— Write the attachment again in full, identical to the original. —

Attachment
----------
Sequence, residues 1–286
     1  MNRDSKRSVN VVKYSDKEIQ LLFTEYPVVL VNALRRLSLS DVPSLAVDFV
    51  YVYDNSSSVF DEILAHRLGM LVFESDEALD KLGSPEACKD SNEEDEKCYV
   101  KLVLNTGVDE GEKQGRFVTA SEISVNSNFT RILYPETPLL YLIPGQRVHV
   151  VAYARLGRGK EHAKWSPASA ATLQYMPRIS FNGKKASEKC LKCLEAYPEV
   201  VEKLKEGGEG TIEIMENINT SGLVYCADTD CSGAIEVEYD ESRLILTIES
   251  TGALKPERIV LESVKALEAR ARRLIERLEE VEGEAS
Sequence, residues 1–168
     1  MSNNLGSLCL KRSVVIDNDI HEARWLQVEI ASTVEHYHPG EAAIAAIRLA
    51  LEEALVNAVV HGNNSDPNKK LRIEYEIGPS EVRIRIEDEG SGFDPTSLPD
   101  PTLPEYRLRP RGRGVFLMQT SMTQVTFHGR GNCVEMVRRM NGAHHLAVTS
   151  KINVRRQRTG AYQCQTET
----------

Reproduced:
Sequence, residues 1–286
     1  MNRDSKRSVN VVKYSDKEIQ LLFTEYPVVL VNALRRLSLS DVPSLAVDFV
    51  YVYDNSSSVF DEILAHRLGM LVFESDEALD KLGSPEACKD SNEEDEKCYV
   101  KLVLNTGVDE GEKQGRFVTA SEISVNSNFT RILYPETPLL YLIPGQRVHV
   151  VAYARLGRGK EHAKWSPASA ATLQYMPRIS FNGKKASEKC LKCLEAYPEV
   201  VEKLKEGGEG TIEIMENINT SGLVYCADTD CSGAIEVEYD ESRLILTIES
   251  TGALKPERIV LESVKALEAR ARRLIERLEE VEGEAS
Sequence, residues 1–168
     1  MSNNLGSLCL KRSVVIDNDI HEARWLQVEI ASTVEHYHPG EAAIAAIRLA
    51  LEEALVNAVV HGNNSDPNKK LRIEYEIGPS EVRIRIEDEG SGFDPTSLPD
   101  PTLPEYRLRP RGRGVFLMQT SMTQVTFHGR GNCVEMVRRM NGAHHLAVTS
   151  KINVRRQRTG AYQCQTET